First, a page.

In Memoriam 1942 – 2013 “Roger Ebert loved movies.”

RogerEbert.com

Thumb_6svpck54r9k0mz9xcfzswrxcin

Winter Sleep

The running time of his new picture Winter Sleep, three hours and change, suggests weight, but at it happens, this movie struck me as both…

Thumb_oax1ohn3ltgrf3vlh5ff28w0yjn

Mr. Turner

Filmmaker Mike Leigh's biography of the landscape painter J.M.W. Turner is what critics call "austere"—which means it's slow and grim and deliberately hard to love—yet…

Other Reviews
Review Archives
Thumb_xbepftvyieurxopaxyzgtgtkwgw

Ballad of Narayama

"The Ballad of Narayama" is a Japanese film of great beauty and elegant artifice, telling a story of startling cruelty. What a space it opens…

Thumb_jrluxpegcv11ostmz1fqha1bkxq

Monsieur Hire

Patrice Leconte's "Monsieur Hire" is a tragedy about loneliness and erotomania, told about two solitary people who have nothing else in common. It involves a…

Other Reviews
Great Movie Archives
Other Articles
Channel Archives

Queen Victoria in hot pants?

qv.jpg

As far as I can tell, this is not Pauline Kael.

"The hot-pants Queen Victoria of American film criticism, Pauline Kael has now paid the debt of nature, providing the obituarians with the opportunity to finally top off their 35-year outpouring of ardor and awe. Never before has a film critic's living reputation sent so many scrambling for encomiums, and never has a film critic's passing left so many media mouths so verklempt. Don't expect it to ever happen again: Kael reigned supreme as film culture's fiery, maenadic Mrs. Grundy—what will she say?—during that culture's most fecund and dynamic day, which has long gone the way of film clubs, the Monthly Film Bulletin, Luis Bunuel, and the Bleecker Street Cinema."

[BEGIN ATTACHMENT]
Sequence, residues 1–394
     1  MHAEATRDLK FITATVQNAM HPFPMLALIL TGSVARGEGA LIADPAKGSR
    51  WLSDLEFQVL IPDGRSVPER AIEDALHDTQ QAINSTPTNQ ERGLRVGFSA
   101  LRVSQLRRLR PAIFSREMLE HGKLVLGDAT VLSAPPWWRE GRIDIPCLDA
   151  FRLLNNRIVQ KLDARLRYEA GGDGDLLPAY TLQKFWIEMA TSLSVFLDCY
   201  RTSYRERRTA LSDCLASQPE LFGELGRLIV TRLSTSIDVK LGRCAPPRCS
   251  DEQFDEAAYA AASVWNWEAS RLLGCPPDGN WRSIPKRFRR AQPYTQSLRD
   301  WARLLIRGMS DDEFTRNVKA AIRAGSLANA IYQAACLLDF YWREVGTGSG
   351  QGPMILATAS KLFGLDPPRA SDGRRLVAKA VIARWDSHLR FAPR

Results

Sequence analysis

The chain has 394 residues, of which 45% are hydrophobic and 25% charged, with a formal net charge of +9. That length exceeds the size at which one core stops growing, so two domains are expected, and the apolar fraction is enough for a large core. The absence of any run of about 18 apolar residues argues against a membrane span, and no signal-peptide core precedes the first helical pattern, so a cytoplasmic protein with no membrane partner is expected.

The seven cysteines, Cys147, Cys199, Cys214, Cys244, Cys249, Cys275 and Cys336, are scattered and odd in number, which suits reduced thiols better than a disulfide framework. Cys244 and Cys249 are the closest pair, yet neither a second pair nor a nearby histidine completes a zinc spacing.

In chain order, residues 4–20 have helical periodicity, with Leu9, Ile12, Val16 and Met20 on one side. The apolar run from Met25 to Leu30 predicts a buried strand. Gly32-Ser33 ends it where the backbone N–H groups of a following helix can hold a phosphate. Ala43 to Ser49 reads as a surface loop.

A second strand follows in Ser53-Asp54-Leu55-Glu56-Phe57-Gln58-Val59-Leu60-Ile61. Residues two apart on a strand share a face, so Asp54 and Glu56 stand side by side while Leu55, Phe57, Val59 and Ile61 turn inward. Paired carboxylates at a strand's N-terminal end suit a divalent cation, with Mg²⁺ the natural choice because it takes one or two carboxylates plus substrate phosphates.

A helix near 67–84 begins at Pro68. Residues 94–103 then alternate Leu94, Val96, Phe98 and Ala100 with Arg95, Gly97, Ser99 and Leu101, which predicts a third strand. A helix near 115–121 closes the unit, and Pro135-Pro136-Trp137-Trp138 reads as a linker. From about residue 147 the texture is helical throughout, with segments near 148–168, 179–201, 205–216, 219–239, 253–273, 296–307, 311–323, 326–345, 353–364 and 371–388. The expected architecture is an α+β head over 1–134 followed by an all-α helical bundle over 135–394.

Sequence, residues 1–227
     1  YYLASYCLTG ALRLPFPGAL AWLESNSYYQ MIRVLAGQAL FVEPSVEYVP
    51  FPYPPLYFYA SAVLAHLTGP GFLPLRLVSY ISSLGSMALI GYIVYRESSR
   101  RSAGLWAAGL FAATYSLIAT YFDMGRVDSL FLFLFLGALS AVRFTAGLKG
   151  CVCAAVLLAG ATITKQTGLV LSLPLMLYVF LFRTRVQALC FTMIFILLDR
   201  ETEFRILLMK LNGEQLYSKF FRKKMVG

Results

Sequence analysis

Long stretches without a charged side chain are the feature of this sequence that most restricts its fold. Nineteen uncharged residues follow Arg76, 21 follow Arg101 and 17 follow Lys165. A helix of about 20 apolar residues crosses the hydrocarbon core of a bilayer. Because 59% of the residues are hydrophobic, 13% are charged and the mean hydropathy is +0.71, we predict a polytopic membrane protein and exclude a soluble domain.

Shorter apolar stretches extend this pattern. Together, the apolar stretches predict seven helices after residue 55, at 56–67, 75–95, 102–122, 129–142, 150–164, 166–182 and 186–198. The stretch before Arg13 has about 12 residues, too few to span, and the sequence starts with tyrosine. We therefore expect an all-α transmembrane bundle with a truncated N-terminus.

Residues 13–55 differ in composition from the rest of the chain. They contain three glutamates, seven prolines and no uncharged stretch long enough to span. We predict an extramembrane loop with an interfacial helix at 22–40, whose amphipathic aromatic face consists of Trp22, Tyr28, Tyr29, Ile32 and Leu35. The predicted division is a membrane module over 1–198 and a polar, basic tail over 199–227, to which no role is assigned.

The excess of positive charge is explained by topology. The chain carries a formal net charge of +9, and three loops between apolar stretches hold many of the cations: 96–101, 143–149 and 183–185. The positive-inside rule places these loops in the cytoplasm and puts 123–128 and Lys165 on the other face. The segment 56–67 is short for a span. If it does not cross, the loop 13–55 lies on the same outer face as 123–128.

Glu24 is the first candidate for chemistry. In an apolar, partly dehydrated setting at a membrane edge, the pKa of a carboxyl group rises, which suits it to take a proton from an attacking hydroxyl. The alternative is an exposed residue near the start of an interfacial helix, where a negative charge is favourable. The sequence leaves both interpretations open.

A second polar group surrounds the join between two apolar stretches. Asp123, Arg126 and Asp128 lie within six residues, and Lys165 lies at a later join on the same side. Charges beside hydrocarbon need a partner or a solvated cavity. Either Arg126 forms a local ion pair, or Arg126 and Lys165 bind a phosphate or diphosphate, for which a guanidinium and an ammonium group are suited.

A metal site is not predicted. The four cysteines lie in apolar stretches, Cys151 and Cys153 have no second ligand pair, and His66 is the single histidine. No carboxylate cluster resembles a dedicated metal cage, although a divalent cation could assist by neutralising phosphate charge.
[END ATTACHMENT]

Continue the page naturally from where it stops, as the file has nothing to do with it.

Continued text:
-- Michael Atkinson, Village Voice, September 10, 2001 (link to full "obit")

Letter in response to the above:

GENDER DEFENDER

Michael Atkinson is certainly entitled to hate Pauline Kael's work. But what in the world did the late film critic, who died on September 3 at the age of 82, do to deserve such a gleefully hateful ''obituary'' ''As the Lights Go Down,'' September 18? The late New York Times film critic Vincent Canby wasn't subjected to this sort of slander in his Voice eulogy. Then again, Canby was a man--and it's the fact that Kael was a woman that evidently sticks in Atkinson's craw. How else to explain his descriptions of her as a ''maenadic Mrs. Grundy,'' a ''high priestess,'' ''the wolverine bitch,'' a ''hot-pants Queen Victoria,'' and ''a miniature tigress with gray hair and barbed tongue.'' Or Atkinson's ridiculous contention that Kael's ''relentless eminence'' was, in part, a result of her gender. Does he honestly think that Kael became celebrated because she was a woman? Does anyone?

Manohla Dargis Los Angeles, California

Michael Atkinson replies: I don't ''gleefully hate'' Kael or her writing, but the national brown-nosing performed upon her at the perpetual expense of much wiser critics has been absurd. Canby never garnered such overripe praise, and saying so doesn't imply he deserved to. As for Kael's sex, guess what: The American media got off on her doughty-dame public profile, as her unprecedented (for a film critic) eulogization demonstrated. Pick a knee-jerk gender fight if you want, but her writing still isn't all it's been cracked up to be.

Popular Blog Posts

Who do you read? Good Roger, or Bad Roger?

This message came to me from a reader named Peter Svensland. He and a fr...

The Ten Best Films of 2014

The ten best films of 2014, as chosen by the film critics of RogerEbert.com.

10 Underrated Female Performances of 2014

Ten underrated female performances from 2014 worthy of Oscar consideration.

More on That Later: The Truth About “Serial”

Some thoughts on the hit podcast "Serial".

Reveal Comments
comments powered by Disqus